What causes fluid overload in heart failure?
Jennifer H. Haythe, MD
Cardiology (Cardiovascular Disease)
In heart failure, the heart’s pumping ability is diminished and the force of blood flow is reduced. The kidneys incorrectly perceive this as dehydration and therefore increase fluid and salt retention. This excess volume further impairs the failing heart and this vicious cycle leads to the body becoming overloaded with fluid. 
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Heart failure most frequently causes fluid overload. When the heart weakens, blood flow returning to the heart slows down, backing up in the veins and causing fluid to build up in the tissues. The kidneys also are affected by heart failure, which results in a less efficient elimination of sodium and water. Fluid congestion increases because of the retained water.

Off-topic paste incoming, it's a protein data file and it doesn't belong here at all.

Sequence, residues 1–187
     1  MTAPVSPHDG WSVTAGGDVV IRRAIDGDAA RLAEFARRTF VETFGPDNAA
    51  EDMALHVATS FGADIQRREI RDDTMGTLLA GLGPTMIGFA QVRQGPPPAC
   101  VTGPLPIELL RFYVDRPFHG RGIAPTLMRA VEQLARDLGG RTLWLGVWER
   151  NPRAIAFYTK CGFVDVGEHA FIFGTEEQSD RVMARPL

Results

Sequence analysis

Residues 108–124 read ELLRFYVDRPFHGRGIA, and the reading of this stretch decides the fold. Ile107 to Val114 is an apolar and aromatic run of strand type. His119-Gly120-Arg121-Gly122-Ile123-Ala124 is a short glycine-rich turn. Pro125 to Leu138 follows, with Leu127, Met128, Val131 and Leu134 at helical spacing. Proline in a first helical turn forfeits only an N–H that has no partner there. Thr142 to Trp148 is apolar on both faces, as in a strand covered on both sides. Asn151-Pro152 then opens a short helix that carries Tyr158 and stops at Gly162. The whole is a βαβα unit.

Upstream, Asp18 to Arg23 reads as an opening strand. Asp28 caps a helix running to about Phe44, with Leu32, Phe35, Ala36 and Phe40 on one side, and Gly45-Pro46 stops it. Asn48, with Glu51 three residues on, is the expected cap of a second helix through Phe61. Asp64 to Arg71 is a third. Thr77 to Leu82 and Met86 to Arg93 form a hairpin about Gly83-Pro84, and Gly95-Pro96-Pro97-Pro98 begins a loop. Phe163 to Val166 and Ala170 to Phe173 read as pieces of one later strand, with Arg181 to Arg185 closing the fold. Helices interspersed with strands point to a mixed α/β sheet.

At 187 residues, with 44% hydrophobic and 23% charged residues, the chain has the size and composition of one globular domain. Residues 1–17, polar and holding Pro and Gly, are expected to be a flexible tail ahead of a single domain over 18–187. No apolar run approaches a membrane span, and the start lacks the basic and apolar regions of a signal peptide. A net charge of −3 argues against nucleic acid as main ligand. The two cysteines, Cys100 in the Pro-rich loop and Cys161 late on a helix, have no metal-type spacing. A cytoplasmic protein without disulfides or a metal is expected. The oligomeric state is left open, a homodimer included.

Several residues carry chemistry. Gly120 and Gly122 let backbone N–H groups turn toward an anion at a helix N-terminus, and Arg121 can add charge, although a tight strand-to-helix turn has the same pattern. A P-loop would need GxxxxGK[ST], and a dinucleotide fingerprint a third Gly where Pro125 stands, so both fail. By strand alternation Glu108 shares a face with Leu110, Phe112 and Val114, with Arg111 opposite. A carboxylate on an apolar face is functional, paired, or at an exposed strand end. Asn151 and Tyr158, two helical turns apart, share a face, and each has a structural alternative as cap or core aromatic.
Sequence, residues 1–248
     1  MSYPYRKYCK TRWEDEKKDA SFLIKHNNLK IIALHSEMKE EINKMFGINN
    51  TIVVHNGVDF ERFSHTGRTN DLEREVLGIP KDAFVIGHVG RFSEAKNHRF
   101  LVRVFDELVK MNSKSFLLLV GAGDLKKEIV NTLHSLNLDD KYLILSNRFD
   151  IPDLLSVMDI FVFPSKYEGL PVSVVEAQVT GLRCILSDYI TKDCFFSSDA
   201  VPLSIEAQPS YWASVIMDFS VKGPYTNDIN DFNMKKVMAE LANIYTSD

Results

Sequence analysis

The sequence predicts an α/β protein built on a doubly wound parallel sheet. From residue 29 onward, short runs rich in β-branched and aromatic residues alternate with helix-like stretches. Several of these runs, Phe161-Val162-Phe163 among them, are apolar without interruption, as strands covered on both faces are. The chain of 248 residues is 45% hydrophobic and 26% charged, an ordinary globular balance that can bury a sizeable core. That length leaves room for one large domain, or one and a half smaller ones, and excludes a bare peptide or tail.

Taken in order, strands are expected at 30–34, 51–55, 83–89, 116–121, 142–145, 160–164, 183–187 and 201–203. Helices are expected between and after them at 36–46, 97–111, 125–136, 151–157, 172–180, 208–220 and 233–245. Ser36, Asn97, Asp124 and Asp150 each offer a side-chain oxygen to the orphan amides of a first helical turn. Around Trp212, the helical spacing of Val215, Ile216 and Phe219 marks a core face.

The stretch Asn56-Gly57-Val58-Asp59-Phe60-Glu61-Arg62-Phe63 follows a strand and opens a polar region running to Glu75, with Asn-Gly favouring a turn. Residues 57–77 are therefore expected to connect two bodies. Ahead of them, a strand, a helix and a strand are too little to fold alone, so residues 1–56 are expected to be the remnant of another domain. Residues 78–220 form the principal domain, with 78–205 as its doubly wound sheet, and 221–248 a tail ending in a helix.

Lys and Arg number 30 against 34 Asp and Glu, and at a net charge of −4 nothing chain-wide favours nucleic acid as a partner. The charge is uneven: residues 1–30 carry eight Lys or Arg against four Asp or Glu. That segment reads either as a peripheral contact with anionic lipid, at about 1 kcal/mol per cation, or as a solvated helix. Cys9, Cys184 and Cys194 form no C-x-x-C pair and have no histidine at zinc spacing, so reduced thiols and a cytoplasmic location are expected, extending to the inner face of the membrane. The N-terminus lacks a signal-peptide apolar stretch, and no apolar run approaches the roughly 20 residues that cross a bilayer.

Fluid overload, which can cause swollen legs, can happen with heart failure and with kidney disease.

Kidney disease can also cause fluid overload. Besides eliminating the body&aposs waste products, the kidneys also play a role in balancing the body&aposs sodium and fluid. When the balance is not maintained as a result of impaired kidneys, the sodium and water accumulate, producing fluid overload.

When patients have too much salt in their diet, limiting the salt in their diet may help. Or, oral medicines, such as diuretics or water pills, may be prescribed to reduce fluid overload. However, many people with fluid overload must be hospitalized because these measures stop working and they retain too much fluid.

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Important: This content reflects information from various individuals and organizations and may offer alternative or opposing points of view. It should not be used for medical advice, diagnosis or treatment. As always, you should consult with your healthcare provider about your specific health needs.